In this Covid-19 pandemic, understanding what Paul meant and his circumstances makes all the difference. Just before sending this letter, we get the impression that Paul was in need of provisions, food, money, and/or clothes. The Philippians had heard of his need while stuck in Rome and sent him gifts of all his needs. He writes this letter to thank them for this gift. They were being Christ to Paul, providing for Paul in a time of economic need.


Here is the beginning of the context.

“I rejoiced greatly in the Lord that at last you renewed your concern for me. Indeed, you were concerned, but you had no opportunity to show it. 11 I am not saying this because I am in need, for I have learned to be content whatever the circumstances. 12 I know what it is to be in need, and I know what it is to have plenty. I have learned the secret of being content in any and every situation, whether well fed or hungry, whether living in plenty or in want.”

Philippians 4:10-12, NIV

What Philippians 4:13 really means is that I can live under any economic circumstance by being content with what God has given me. Paul has accepted that God truly is his JEHOVAH-JIREH.  God will provide for him and He did this through the Philippians at that time in Paul’s life.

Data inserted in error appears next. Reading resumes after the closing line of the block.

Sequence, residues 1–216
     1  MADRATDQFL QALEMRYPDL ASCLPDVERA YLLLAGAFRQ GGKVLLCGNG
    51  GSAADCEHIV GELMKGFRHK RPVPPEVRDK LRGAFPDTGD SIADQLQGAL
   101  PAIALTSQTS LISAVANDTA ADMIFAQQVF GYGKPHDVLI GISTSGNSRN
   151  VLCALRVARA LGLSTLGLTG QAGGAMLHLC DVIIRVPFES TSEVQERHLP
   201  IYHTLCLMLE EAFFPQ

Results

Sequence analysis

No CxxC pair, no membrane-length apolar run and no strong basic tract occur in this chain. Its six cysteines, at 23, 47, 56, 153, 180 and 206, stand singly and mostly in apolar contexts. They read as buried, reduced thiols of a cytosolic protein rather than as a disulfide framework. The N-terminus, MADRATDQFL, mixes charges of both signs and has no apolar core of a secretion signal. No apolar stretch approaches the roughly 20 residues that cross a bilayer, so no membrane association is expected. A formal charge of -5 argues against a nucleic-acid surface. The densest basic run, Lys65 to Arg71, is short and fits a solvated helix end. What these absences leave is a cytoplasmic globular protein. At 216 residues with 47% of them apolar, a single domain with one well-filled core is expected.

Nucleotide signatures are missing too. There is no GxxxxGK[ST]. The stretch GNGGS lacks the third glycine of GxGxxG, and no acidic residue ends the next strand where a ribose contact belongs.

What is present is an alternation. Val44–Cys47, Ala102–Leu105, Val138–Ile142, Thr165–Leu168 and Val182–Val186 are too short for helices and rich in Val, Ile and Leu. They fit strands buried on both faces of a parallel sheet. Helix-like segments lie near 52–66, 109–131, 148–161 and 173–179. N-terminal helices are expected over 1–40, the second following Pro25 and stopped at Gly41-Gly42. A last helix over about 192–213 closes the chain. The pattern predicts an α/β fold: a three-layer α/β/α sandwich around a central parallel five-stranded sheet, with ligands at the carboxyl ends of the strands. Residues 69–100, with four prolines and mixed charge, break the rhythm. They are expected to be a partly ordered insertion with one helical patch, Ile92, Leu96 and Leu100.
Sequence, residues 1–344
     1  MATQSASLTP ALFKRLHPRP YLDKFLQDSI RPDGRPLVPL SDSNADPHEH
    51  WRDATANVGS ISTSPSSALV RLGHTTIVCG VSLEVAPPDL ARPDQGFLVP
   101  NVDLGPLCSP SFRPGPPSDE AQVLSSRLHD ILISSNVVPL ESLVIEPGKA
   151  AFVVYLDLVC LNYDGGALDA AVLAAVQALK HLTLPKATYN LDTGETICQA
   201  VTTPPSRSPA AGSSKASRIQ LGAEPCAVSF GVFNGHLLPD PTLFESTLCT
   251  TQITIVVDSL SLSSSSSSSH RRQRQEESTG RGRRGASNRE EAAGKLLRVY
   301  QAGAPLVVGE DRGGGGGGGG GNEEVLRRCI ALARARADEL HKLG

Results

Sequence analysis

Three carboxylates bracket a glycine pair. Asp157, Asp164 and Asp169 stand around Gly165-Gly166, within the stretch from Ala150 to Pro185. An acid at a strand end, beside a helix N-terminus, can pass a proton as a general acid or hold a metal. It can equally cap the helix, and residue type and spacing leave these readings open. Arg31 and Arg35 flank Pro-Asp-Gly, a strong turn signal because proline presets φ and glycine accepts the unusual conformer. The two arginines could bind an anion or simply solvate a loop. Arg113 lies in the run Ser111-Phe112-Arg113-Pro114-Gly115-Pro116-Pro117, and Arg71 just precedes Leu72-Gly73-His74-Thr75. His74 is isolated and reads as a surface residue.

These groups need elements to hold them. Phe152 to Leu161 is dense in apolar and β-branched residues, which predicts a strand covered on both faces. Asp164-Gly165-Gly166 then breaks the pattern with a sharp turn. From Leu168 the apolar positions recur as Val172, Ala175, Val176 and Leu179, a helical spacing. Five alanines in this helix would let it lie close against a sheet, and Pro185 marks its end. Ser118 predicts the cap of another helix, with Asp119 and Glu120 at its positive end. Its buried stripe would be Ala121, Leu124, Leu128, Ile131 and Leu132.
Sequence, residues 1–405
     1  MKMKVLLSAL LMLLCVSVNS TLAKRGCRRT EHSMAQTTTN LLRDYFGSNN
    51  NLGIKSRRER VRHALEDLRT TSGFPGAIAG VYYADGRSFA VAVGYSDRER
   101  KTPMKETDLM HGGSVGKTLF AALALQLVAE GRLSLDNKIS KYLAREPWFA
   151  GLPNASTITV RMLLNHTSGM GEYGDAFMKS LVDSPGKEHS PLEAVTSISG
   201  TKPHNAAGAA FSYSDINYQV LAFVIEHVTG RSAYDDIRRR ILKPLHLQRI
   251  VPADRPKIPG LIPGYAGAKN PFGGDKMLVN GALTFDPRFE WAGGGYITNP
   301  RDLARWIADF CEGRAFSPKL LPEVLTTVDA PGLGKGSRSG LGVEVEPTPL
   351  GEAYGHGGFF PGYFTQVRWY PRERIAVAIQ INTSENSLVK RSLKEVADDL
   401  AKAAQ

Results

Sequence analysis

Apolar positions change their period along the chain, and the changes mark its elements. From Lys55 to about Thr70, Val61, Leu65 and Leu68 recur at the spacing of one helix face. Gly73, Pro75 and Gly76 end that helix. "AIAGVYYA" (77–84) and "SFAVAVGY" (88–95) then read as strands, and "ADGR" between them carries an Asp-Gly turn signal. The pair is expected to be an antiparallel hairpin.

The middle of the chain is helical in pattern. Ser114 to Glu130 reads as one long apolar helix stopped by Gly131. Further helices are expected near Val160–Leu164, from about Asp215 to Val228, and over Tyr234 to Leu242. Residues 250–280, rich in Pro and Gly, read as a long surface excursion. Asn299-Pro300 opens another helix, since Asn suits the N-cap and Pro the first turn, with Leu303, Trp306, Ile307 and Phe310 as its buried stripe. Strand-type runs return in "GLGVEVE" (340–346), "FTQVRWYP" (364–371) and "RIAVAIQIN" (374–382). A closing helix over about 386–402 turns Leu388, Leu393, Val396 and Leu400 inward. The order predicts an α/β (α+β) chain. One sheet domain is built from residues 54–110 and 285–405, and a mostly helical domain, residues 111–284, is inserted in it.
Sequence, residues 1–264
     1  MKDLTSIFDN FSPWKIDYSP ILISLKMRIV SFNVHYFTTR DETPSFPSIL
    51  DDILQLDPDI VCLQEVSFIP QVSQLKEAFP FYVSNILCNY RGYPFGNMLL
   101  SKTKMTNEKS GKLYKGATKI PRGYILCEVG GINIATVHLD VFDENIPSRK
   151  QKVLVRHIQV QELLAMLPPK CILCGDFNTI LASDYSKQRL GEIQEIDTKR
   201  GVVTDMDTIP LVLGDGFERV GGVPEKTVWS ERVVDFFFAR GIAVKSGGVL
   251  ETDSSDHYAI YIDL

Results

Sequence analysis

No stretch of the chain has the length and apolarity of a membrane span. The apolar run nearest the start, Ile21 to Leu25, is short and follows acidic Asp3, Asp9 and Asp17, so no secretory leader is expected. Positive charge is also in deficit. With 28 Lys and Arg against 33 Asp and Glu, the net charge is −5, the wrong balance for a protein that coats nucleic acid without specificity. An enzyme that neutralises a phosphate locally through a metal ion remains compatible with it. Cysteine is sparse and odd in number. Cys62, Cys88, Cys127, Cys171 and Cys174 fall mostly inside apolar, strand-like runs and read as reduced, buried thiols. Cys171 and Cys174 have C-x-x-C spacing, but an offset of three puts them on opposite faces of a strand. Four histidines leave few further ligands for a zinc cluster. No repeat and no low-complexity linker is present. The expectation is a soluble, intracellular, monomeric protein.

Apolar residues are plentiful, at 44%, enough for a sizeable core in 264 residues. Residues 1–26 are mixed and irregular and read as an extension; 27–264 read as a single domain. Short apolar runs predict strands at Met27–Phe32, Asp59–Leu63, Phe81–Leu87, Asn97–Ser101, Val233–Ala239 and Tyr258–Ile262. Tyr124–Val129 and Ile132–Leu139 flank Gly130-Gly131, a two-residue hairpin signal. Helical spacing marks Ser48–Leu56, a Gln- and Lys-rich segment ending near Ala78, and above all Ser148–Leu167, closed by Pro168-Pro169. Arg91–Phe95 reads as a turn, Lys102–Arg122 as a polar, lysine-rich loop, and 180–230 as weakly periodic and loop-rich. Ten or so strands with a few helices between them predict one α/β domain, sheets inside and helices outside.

Can you be content with God’s daily provisions for your life, for your family and for your future? Whether you are in abundance or laid low, do you trust God? In these uncertain times, you must have faith in God and be responsible with what he has entrusted to you to the best of your ability.

When you are out shopping, can you have the mind set that you need to only take what is enough for you and not take away from others. Part of our shortage of supplies is because people have taken more than necessary. People are acting out of fear.

I may not get the ground beef I want to make a meal this week. It really is okay. Can we live off of Mac and Cheese for a period of time? Yes, that is my family’s manna. Will God provide for my family today? Yes.

The test is with my tithe’s and offerings. Can I still give to the church and help those in need when I am uncertain of the future? That is the test of the church body right now. Who can trust God enough to give, showing with their actions that whatever we have has always been God’s?

Is God enough for you? What does it look like to be content today? If you have plenty, praise God, if you are in need, praise God all the same. Seek him, pray to him, place all of your faith in the God who gave everything to us by his son Jesus Christ.

Come Lord Jesus, Come!

In Truth & Love,
Matthew J. Diaz

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thumbnail image: Shutterstock/Kevin McGovern

Looking forward to your addition to this dialogue.